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Cops say blast at mosque likely a "xenophobic" attack

A woman wearing a headscarf walks past the entrance to the Fatih Camii Mosque in Dresden, eastern Germany, Sept. 27, 2016, where traces of smoke can be seen after a bomb attack.

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BERLIN -- A mosque and a conference center were attacked in two explosions in the German city of Dresden but nobody was injured, police said Tuesday.

Dresden police said in a statement that there was no immediate report on the extent of damage from the explosions late Monday.

“Even though we do not have a letter of confession, we must assume there’s a xenophobic background,” Police President Horst Kretschmar said.

Police said they found pieces of a homemade explosive device in front of the conference center and the mosque.

An imam with his wife and two sons were inside the mosque at the time. They were not injured, but the entrance door was pushed into the building by the blast. Police said they increased the security outside mosques all over Dresden.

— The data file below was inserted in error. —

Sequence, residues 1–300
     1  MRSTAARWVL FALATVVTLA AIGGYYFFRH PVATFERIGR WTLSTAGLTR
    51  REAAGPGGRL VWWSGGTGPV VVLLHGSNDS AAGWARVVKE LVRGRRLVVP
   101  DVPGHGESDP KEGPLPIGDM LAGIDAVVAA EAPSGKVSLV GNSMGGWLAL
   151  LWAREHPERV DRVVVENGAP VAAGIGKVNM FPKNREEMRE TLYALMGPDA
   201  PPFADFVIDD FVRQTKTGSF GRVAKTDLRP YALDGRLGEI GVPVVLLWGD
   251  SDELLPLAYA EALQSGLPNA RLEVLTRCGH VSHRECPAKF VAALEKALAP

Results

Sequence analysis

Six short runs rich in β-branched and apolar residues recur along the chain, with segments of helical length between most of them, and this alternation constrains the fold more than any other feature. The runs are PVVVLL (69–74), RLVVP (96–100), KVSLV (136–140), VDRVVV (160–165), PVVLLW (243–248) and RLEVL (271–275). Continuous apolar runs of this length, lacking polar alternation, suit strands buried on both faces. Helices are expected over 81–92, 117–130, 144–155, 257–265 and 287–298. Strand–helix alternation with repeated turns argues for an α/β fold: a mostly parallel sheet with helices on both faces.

The second device exploded shortly after the first on a terrace between a hotel and the International Congress Center, a facility which can accommodate 6,000 people for conferences. The blast destroyed a decorative glass block on the outdoor terrace. Police evacuated the hotel bar and asked people to stay away from windows at the hotel building.

Some 50 officers were involved in the overnight operation, police said.

Police President Kretschmar said the two explosions could have also been connected to Germany’s national unification celebrations next Monday, which will be held in Dresden.

Dresden is the state capital of Saxony which has seen a lot of racist attacks recently.